High-quality automated shading slashes lighting energy use, while at the same time enhancing occupant comfort. Modern LED lighting with advanced controls also greatly cuts lighting energy use, and offers superior results. These are among key findings of research undertaken by the Portland, Ore.-based New Buildings Institute (NBI). The insights should provide commercial real estate owners and operators with keys into implementing lighting and shading retrofits in today’s commercial buildings.
In 2017, NBI spearheaded a major research undertaking underwritten by the California Energy Commission. Titled “Leading in LA,” the project addressed the crucial need to deliver cost-effective, scalable means of dramatically reducing energy use in existing commercial buildings throughout the Golden State. Lawrence Berkeley National Lab and well-known energy-efficiency companies took part in the four-year endeavor, which incorporated lab testing and field demonstrations at two sites.
One of the key findings of the research was that automating window shading can drive a range of benefits. The problem with conventional treatments – ranging from traditional blinds with strings to fabric shades – is that they are manually operated. That means reaping their benefits — including counteracting direct sunlight, glare and overheating – is dependent on their being manually opened and closed by building occupants.
Too often, those occupants can’t be bothered or forget to take on the task. The result is computer screen glare, interior temperatures warmer than they should be, and failed opportunities to connect with nature through sight lines to the great outdoors.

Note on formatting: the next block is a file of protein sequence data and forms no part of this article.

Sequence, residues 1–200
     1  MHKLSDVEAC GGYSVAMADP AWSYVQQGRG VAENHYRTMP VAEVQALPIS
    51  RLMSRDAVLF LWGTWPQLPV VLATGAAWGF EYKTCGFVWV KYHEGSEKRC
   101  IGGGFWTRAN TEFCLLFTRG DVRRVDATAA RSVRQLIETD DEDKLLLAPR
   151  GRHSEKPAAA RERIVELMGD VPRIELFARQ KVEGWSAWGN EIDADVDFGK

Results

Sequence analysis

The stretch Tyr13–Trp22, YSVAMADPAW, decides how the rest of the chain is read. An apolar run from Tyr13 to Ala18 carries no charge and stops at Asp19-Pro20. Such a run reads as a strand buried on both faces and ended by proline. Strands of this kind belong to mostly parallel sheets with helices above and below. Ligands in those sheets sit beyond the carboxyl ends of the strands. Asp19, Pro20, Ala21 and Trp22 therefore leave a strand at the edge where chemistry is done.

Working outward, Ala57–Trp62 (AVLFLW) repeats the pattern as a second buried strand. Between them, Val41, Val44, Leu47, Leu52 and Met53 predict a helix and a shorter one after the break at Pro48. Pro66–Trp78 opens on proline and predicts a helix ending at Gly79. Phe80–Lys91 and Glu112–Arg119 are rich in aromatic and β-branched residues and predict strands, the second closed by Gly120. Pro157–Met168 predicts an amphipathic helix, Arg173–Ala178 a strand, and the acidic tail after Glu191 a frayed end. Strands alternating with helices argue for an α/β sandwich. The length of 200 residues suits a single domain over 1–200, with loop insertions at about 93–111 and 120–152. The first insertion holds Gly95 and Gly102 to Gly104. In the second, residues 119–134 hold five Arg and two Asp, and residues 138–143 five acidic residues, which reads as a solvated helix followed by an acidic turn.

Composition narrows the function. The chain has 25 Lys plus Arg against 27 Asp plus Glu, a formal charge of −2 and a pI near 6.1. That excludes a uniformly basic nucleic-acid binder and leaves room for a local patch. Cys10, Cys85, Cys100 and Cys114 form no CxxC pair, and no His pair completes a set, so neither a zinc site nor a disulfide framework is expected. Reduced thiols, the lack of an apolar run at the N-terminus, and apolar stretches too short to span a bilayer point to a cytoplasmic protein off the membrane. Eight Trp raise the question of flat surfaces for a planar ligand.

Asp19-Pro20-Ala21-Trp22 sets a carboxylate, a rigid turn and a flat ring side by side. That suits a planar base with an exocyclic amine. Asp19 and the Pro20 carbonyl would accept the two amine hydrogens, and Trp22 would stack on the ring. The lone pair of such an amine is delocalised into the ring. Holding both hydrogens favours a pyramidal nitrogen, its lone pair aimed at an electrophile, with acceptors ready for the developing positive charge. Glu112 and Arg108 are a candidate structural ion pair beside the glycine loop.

However, the pre-programmable fabric shades available today can be automatically lifted and lowered based on sunlight patterns. Those pre-programmed functions free employees from taking on the job themselves, and ensure benefits are realized.
A second finding made clear today’s LED lighting systems, which feature advanced controls so precise they can automate individual fixtures, dramatically reduce lighting energy use and deliver outstanding outcomes.
Modern innovative office building lighting systems are dominated by LED lighting, which can be fine-tuned to automatically dim or shut off individual fixtures within the system, depending on the needs of users nearby. During COVID-19, those working remotely got used to being able to adjust their lighting at home. Upon their return to the workplace, they should be able to override the lighting system, adjusting their own assigned fixture to match their needs and desires.
One of the two Leading in LA demonstration sites was Welch Hall at California State University Dominguez Hills. There, central plant and energy manager Kenny Seeton found occupants very positively impacted.
“Almost everyone was super happy,” he says. “I wish there was a happiness meter so we could quantify it. We’ve made people more comfortable because we’ve given them ownership and control of their light levels that they never had before. Now they can set the lights to where they want.”
Automated shading and lighting have taken on new emphasis during the pandemic, and will continue to be of great concern afterwards. The absence of automated systems would mean the energy in a building would stay completely on from early morning to early evening, whether one thousand or ten people were in the building.
The move to hybrid staffing operations, in which employees can work from home one or two days a week, makes integrated lighting and shading even more important, putting lighting exactly where it’s needed, when it’s needed. One trend being seen in the post-COVID world is the inclination of building owners to upgrade lighting and HVAC systems simultaneously, providing a healthier post-pandemic work environment.
“Integration is really the key to today’s technologies,” says Cathy Higgins, NBI research director. “The owners and facility managers should be looking at multiple systems at the same time, proactively, keeping the building as contemporary, efficient, comfortable and as attractive as possible.”